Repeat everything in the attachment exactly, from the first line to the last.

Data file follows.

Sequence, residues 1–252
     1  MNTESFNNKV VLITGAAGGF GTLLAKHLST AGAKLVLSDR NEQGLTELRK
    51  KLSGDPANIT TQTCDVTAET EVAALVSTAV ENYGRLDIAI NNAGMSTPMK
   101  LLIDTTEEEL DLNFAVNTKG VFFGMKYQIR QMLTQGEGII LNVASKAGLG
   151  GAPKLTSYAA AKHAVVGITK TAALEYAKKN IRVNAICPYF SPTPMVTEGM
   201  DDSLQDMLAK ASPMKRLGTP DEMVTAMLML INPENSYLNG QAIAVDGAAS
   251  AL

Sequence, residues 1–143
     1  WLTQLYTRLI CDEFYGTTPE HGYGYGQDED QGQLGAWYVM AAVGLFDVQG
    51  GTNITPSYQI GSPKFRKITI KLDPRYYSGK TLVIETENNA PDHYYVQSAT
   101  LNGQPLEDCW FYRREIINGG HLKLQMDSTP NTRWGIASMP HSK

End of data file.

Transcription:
Sequence, residues 1–252
     1  MNTESFNNKV VLITGAAGGF GTLLAKHLST AGAKLVLSDR NEQGLTELRK
    51  KLSGDPANIT TQTCDVTAET EVAALVSTAV ENYGRLDIAI NNAGMSTPMK
   101  LLIDTTEEEL DLNFAVNTKG VFFGMKYQIR QMLTQGEGII LNVASKAGLG
   151  GAPKLTSYAA AKHAVVGITK TAALEYAKKN IRVNAICPYF SPTPMVTEGM
   201  DDSLQDMLAK ASPMKRLGTP DEMVTAMLML INPENSYLNG QAIAVDGAAS
   251  AL

Sequence, residues 1–143
     1  WLTQLYTRLI CDEFYGTTPE HGYGYGQDED QGQLGAWYVM AAVGLFDVQG
    51  GTNITPSYQI GSPKFRKITI KLDPRYYSGK TLVIETENNA PDHYYVQSAT
   101  LNGQPLEDCW FYRREIINGG HLKLQMDSTP NTRWGIASMP HSK